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I have a few questions relating to threshold signatures: a scheme where $n$ participants hold a key share and any $t$ of them can conduct a protocol using their shares that results in a valid RSA or DSA signature being applied to a known message.


  1. Several techniques exist for threshold RSA (1,2) that seem reasonably efficient. Is there any impedance to using these protocols with a standards-compliant version of an RSA signature (such as RSA as used in X.509 for SSL/TLS certificates)?
  2. Are there any techniques for threshold DSA (aside from this 2-out-of-2 case)?
  3. Are there any tools available that implement a threshold signature scheme? A tool that would allows each participant to contribute to the DKG, and would later generate their contribution to the final signature on a shared message given their key share?

It is my belief that (1) is standards-compliant as padding can be done prior to signing without reference to the signing key, (2) does not exits, and (3) does not exist either. But now that this site exists, I figure why not ask?

EDIT: Regarding (2), there are techniques for DSA. I missed them because they are proposed for "DSS" instead.

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Have you seen this answer to a related question? – Dilip Sarwate Feb 13 '12 at 23:17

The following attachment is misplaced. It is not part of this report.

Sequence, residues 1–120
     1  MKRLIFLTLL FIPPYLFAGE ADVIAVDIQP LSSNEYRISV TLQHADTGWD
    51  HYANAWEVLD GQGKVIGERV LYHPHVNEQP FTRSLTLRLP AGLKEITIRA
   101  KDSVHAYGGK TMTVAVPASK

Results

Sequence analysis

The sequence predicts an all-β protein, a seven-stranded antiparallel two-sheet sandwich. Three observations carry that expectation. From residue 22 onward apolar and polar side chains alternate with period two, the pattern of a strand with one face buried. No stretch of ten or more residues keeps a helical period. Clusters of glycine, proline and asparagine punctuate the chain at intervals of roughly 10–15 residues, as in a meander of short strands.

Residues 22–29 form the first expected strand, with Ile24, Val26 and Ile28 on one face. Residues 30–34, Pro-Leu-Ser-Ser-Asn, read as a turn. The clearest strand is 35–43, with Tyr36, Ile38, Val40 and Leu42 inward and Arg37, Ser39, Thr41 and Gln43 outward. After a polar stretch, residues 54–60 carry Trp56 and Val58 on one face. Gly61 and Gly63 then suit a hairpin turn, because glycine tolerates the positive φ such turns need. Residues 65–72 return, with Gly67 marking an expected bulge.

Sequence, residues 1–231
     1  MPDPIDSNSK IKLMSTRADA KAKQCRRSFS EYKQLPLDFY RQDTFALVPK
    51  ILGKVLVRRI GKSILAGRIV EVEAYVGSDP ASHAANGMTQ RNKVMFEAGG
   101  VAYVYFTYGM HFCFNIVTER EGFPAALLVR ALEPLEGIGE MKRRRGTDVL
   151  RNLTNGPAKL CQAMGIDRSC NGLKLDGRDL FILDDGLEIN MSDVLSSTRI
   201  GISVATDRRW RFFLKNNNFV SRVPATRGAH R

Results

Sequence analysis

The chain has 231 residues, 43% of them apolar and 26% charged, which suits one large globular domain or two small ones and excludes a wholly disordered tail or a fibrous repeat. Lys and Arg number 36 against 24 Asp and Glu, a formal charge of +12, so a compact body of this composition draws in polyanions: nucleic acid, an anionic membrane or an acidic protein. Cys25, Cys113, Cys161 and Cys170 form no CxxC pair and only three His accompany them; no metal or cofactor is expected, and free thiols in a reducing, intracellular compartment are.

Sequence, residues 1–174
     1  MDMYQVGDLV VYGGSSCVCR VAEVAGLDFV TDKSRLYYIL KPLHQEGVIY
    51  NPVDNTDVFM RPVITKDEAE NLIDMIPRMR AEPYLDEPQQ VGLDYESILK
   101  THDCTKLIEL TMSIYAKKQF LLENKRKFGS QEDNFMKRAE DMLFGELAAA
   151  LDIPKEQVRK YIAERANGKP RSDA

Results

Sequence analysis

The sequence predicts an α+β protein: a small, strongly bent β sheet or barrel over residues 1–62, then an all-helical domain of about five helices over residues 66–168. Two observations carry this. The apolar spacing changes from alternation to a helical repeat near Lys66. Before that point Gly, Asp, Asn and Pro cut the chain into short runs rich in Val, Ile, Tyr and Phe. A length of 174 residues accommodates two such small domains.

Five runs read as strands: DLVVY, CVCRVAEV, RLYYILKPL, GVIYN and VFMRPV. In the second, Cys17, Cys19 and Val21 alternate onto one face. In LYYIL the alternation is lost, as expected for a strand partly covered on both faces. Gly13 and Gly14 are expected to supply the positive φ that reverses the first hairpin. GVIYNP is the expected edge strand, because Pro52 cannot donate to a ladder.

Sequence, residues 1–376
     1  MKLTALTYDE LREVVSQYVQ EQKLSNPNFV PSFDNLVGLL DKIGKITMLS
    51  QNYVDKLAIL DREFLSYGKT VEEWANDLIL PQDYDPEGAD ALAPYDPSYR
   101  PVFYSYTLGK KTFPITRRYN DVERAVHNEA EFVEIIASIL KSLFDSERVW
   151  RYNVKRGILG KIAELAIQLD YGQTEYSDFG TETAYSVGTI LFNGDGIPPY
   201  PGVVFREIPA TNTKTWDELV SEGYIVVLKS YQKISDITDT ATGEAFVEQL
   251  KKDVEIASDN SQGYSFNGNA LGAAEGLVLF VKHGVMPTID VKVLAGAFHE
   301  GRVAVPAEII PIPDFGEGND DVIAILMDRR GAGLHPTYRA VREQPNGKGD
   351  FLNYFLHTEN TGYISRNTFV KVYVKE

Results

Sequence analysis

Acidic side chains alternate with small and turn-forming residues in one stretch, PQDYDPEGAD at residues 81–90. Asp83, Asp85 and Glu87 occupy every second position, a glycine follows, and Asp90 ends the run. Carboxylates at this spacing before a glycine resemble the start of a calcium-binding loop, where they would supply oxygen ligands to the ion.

Thanks. That gives the secret sharing / reconstruction portion. I think the challenge with RSA is more in distributively generating a proper $n$ and $\phi{n}$ without anyone learning $p$ and $q$. – PulpSpy Feb 14 '12 at 18:38

Regarding your first question, it is my understanding that DKG techniques are in practice mainly used for offline signing, such as when a certificate authority issues new intermediate CA certificates. Using DKG for online signing, such as server side SSL/TLS, is not a problem that is solved by the papers you refer to, since the threat scenario is significantly different from that of offline signing. More precisely, to guard yourself against unauthentic signing requests in the online case, the front end server has to authenticate itself to the back end key share servers, but if it is able to do that, it is able to store a private (or secret) key securely and doesn't really need DKG in the first place.

share|improve this answer
Thanks. I am thinking of an offline/infrequent signing scenario like issuing SSL/TLS certificates, transaction signing in Bitcoin, code signing in Android, etc. – PulpSpy Feb 14 '12 at 18:42

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